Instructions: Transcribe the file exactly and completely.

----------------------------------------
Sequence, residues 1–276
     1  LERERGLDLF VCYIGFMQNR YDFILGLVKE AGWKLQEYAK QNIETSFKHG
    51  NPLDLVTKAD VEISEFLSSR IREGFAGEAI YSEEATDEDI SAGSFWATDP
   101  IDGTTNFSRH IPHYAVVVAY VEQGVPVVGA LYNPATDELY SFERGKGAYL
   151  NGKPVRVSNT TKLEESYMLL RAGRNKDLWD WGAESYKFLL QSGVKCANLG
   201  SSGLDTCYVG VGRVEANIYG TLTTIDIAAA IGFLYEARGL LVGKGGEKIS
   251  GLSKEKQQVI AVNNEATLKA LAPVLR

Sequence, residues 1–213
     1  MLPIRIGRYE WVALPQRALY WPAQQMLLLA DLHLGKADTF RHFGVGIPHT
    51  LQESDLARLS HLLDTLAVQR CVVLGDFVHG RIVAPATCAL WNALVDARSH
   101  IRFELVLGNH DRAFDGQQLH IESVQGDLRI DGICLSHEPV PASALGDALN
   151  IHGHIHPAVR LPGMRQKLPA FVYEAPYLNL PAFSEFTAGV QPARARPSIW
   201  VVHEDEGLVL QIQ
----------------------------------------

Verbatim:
Sequence, residues 1–276
     1  LERERGLDLF VCYIGFMQNR YDFILGLVKE AGWKLQEYAK QNIETSFKHG
    51  NPLDLVTKAD VEISEFLSSR IREGFAGEAI YSEEATDEDI SAGSFWATDP
   101  IDGTTNFSRH IPHYAVVVAY VEQGVPVVGA LYNPATDELY SFERGKGAYL
   151  NGKPVRVSNT TKLEESYMLL RAGRNKDLWD WGAESYKFLL QSGVKCANLG
   201  SSGLDTCYVG VGRVEANIYG TLTTIDIAAA IGFLYEARGL LVGKGGEKIS
   251  GLSKEKQQVI AVNNEATLKA LAPVLR

Sequence, residues 1–213
     1  MLPIRIGRYE WVALPQRALY WPAQQMLLLA DLHLGKADTF RHFGVGIPHT
    51  LQESDLARLS HLLDTLAVQR CVVLGDFVHG RIVAPATCAL WNALVDARSH
   101  IRFELVLGNH DRAFDGQQLH IESVQGDLRI DGICLSHEPV PASALGDALN
   151  IHGHIHPAVR LPGMRQKLPA FVYEAPYLNL PAFSEFTAGV QPARARPSIW
   201  VVHEDEGLVL QIQ